My federal electoral district is called?


4 Answers

Sarah Marsh Profile
Sarah Marsh answered
Federal Electoral districts are the constituencies or ridings that elect the Members of Parliament who, in turn, play a role in Canada’s House of Commons. In total there are 308 federal ridings, each representing a geographical area of Canada. In order to find out which federal electoral district you are in, you can locate your hometown on this map (, which divides the country by federal electoral districts. Alternatively, you may be able to figure it out by looking at the list of all of the districts, divided first into provinces.  The five biggest provinces in order of seats is Ontario, Quebec, British Columbia, Alberta and Manitoba.

All Canadian citizens over the age of 18 and on the voter’s list are eligible to vote in the federal elections. The vote information card that you receive in the post will give you all the information you need to vote on the day, including information about your designated polling station.

The ballots are done secretly so only you see your vote and while you can choose to talk about your vote, no one else has the right to ask about it if you are not comfortable with the discussion. The leader of the party that has won the most seats in the House of Commons is invited to meet the Governor General and form the new government to become the Prime Minister. If the party that is in power won over half of the seats it is a majority government, if not, then a minority government will be established.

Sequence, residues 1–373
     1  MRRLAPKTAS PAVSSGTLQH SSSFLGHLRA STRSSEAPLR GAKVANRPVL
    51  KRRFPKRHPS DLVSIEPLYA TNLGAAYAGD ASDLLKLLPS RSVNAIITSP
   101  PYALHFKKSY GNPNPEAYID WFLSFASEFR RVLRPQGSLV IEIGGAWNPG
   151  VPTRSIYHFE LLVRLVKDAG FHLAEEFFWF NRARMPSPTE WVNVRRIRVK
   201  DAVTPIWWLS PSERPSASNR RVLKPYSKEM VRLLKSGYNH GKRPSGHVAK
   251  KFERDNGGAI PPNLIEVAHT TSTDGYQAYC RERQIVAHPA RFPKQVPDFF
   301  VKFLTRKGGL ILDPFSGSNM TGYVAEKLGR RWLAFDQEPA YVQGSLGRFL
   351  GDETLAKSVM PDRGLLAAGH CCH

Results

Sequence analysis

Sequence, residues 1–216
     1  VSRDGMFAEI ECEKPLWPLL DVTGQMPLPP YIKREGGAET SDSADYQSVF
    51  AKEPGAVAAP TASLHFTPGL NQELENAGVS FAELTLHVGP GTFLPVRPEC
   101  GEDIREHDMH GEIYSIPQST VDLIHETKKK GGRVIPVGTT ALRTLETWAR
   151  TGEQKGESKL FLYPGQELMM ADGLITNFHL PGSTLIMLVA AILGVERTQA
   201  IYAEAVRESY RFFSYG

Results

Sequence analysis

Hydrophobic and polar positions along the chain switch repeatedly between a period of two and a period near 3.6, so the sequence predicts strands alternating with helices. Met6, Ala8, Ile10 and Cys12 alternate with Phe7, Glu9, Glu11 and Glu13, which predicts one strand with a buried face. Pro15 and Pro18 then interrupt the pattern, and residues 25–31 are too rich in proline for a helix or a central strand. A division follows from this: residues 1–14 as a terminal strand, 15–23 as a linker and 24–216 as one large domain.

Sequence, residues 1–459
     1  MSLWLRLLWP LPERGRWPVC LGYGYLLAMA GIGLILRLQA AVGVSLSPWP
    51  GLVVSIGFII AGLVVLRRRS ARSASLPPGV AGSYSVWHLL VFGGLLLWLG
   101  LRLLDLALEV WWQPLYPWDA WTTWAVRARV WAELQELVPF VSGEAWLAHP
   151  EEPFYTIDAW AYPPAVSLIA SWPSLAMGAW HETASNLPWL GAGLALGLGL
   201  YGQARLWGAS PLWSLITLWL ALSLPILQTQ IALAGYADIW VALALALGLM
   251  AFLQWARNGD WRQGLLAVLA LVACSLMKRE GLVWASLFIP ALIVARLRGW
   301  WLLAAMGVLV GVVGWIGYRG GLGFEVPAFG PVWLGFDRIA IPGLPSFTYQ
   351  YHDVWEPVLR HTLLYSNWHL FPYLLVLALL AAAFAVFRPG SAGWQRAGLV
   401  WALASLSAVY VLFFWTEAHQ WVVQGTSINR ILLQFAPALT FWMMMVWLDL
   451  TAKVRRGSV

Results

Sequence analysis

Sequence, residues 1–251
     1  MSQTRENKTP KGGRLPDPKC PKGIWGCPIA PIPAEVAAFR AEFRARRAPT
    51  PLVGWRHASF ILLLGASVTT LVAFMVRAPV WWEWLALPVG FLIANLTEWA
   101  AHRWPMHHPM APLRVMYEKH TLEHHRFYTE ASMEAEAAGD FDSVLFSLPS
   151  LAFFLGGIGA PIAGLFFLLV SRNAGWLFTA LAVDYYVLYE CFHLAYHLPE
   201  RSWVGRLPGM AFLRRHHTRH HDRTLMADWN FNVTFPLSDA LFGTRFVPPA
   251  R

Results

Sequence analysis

Amanda Wells Profile
Amanda Wells answered
This is a term used in Canada. It is another term for constituency, or area for which one parliamentary representative is responsible. In Canada there are 308 federal electoral districts, and if you click here you can find out their names and other information about the Canadian electoral system.
Jennifer Bone Profile
Jennifer Bone answered
Canada has 308 federal electoral districts as of 2004.  Also known as "ridings", these districts are named after the geographical area that they represent.  In 2007 a bill was passed to create 22 new electoral districts: 10 in Ontario, 7 in British Columbia, and 5 in Alberta.  However, following protests in 2008 it was agreed that Ontario would receive 21 new ridings.  The new districts will take effect following the 2011 census and will likely appear in 2014 and then for all subsequent elections. A list of all the canadian electoral districts can be found here:

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